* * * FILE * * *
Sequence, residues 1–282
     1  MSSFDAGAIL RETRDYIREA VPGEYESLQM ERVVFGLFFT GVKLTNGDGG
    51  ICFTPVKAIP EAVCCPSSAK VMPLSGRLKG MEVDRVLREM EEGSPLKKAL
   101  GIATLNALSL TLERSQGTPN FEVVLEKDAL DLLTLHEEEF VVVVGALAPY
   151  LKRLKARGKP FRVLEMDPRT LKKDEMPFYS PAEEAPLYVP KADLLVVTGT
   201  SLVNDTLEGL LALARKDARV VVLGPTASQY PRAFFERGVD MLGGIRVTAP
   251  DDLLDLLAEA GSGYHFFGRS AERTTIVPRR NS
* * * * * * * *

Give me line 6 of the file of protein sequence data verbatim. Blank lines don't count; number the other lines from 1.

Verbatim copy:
   201  SLVNDTLEGL LALARKDARV VVLGPTASQY PRAFFERGVD MLGGIRVTAP